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The Siamese Mauser

The Siamese Mauser

This Japanese-Built Rifle Is One Of The Stronger Military Bolt Actions Ever Made

My introduction to the Siamese Mauser was a comical calamity. In September, 1975, CBS television, with Dan Rather as narrator no less, aired a vicious, anti-hunting program called The Guns of Autumn. So immediate and strong were the protests from the hunting community, CBS caved to the pressure and immediately began filming what was to be a pro-hunting sequel titled, Echoes of the Guns of Autumn.

Working for the state Conservation Department at the time, I was elected to go on film with CBS to tell the real story of modern sport hunting. Everything was going along fine on the morning of the filming at our local rod and gun club, that is, until a good friend asked if I would like to step over to the rifle range and try out his new Siamese Mauser rebarreled in .45-70. CBS was still setting up so how could I resist!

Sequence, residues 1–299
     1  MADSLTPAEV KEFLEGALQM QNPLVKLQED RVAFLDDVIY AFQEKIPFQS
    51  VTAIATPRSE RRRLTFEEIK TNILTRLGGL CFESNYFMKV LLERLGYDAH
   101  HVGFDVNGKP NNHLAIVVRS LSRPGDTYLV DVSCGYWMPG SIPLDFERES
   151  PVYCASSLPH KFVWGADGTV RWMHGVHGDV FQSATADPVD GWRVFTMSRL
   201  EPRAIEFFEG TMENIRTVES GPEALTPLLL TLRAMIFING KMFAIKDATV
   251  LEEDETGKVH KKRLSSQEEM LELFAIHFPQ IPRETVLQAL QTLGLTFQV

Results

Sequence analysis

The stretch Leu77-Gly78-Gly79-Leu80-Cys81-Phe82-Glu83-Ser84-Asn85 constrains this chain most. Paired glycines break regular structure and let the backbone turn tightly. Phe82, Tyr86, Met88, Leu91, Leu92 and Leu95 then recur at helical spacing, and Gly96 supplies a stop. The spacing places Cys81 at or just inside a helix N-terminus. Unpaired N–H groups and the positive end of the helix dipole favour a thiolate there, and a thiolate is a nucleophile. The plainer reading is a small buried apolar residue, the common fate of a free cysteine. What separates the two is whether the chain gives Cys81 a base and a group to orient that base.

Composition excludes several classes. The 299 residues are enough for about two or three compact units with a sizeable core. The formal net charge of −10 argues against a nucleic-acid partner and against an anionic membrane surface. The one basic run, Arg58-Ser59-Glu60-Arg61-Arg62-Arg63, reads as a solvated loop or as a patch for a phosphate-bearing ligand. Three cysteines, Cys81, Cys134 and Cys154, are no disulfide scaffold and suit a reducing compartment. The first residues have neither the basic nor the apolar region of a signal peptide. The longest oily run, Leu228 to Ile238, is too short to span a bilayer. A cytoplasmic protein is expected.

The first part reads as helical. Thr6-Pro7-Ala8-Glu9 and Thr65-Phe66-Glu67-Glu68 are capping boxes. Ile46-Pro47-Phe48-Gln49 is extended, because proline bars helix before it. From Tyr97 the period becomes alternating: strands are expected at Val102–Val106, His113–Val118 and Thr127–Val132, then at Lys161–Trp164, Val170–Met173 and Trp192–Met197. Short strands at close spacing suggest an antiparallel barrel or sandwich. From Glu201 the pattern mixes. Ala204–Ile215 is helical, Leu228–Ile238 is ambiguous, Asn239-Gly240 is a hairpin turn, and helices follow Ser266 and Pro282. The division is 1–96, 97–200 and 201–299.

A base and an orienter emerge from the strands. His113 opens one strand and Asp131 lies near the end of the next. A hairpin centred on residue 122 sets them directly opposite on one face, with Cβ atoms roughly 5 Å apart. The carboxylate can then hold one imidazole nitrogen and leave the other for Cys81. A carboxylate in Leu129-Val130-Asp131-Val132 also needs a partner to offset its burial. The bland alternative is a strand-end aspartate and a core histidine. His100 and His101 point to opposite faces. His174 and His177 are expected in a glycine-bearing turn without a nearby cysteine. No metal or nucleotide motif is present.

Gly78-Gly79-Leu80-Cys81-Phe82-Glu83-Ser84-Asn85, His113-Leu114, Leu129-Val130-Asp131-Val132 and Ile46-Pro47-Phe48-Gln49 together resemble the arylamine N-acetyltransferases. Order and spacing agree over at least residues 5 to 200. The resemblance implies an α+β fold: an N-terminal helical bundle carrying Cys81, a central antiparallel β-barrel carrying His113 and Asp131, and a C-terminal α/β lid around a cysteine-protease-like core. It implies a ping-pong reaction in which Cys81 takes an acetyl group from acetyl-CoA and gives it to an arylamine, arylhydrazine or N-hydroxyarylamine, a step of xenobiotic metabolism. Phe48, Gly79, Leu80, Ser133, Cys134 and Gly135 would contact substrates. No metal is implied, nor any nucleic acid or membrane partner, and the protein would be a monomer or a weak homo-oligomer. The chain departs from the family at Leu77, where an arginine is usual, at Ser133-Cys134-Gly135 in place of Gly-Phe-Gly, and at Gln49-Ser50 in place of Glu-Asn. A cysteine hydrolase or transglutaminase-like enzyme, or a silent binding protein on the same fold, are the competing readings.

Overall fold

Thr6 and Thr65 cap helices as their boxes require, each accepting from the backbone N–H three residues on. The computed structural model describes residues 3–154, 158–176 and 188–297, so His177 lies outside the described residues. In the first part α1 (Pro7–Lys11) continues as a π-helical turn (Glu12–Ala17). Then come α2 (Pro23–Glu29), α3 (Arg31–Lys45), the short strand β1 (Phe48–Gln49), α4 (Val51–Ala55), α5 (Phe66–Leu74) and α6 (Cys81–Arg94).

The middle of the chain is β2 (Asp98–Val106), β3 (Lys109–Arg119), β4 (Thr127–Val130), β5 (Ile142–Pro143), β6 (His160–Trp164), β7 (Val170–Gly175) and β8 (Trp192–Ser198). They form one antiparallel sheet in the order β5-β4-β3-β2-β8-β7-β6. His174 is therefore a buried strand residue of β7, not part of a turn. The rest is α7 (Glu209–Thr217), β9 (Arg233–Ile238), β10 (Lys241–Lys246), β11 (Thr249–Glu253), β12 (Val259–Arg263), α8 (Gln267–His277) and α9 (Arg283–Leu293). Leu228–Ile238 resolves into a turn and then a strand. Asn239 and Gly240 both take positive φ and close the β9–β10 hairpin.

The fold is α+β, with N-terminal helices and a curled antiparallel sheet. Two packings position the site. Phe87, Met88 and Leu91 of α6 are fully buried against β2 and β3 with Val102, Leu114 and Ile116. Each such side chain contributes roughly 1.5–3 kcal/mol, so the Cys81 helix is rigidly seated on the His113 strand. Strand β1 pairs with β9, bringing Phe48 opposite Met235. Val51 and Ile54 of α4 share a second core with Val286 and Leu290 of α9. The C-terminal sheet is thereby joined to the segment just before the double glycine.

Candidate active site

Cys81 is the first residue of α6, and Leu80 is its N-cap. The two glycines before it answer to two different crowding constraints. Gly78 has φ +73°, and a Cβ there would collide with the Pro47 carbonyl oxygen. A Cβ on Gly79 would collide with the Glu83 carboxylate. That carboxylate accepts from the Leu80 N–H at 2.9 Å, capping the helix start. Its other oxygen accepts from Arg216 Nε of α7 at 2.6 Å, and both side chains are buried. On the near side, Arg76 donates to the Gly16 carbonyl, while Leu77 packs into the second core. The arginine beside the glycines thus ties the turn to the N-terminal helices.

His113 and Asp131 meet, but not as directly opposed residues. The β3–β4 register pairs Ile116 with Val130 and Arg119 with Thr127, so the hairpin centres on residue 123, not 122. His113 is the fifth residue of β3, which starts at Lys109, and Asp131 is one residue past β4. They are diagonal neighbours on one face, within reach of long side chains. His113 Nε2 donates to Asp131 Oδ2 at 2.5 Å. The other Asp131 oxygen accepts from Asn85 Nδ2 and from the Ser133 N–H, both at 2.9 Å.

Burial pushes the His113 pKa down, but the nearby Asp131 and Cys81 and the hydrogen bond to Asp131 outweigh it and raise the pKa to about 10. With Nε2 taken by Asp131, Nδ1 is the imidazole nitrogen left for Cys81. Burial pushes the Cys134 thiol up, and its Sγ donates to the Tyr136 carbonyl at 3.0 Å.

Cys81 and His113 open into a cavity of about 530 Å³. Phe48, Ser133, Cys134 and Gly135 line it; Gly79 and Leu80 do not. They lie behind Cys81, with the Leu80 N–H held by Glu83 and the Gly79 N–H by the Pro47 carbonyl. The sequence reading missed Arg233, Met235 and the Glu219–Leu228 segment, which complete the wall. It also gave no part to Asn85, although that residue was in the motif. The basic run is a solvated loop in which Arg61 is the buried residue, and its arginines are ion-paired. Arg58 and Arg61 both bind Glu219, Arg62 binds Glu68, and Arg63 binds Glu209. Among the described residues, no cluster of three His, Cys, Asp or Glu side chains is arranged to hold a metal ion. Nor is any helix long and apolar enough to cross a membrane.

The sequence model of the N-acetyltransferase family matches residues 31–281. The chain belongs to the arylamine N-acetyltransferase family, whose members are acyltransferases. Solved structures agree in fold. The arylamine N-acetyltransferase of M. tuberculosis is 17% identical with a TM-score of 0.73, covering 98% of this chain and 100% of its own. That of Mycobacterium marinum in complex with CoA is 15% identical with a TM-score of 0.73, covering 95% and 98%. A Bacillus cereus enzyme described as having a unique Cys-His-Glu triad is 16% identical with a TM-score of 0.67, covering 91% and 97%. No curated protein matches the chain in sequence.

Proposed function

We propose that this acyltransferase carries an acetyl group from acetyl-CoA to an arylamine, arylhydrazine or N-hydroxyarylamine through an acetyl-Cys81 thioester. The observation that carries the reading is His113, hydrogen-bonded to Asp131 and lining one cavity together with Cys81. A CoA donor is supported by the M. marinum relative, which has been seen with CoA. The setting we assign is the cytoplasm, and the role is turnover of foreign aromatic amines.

The setting was impressive that morning. CBS semis parked all over the club grounds, cables strung here and there, cameras, light stands and reflectors being set in place, a million minions running around doing their thing and so, dressed in my mandatory and immaculate red checkered shirt and pressed jeans, I sat down at the bench and loaded the Siamese sporter, topped with a steel, Weaver K-4 scope.

Dressed Up

I paid no attention to the load. I was thinking about what I was going to say on national television in a few minutes. The .45-70 load turned out to be a 500-grain clone of the .458 Win Mag, and when it was torched off, that Weaver scope slammed back and opened up my right eyebrow like a can of tuna.

Now, I admit to having had a “Weatherby eye” before, but there was something really special about the foreshortened mounting distance of the bell of that K4 combined with that little atomic bomb of a handload, because suddenly there was blood everywhere. Fortunately, the CBS crew was so focused on their work they didn’t catch me making a mad dash for the club house to bury my head in the old, red Coke cooler filled with 5-pound blocks of ice.

Three-quarters of an hour later, the swelling was under control and with the help of a woman’s make-up kit, I pulled off my debut on CBS without a hitch; however, ever since that memorable day, I’ve had the utmost respect for Siamese Mausers.

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